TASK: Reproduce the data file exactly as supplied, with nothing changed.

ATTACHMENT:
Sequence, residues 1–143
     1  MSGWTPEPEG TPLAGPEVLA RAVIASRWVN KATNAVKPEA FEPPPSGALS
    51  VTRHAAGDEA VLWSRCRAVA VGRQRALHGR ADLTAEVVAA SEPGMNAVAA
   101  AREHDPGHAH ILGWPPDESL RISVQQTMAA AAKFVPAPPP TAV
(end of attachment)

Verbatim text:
Sequence, residues 1–143
     1  MSGWTPEPEG TPLAGPEVLA RAVIASRWVN KATNAVKPEA FEPPPSGALS
    51  VTRHAAGDEA VLWSRCRAVA VGRQRALHGR ADLTAEVVAA SEPGMNAVAA
   101  AREHDPGHAH ILGWPPDESL RISVQQTMAA AAKFVPAPPP TAV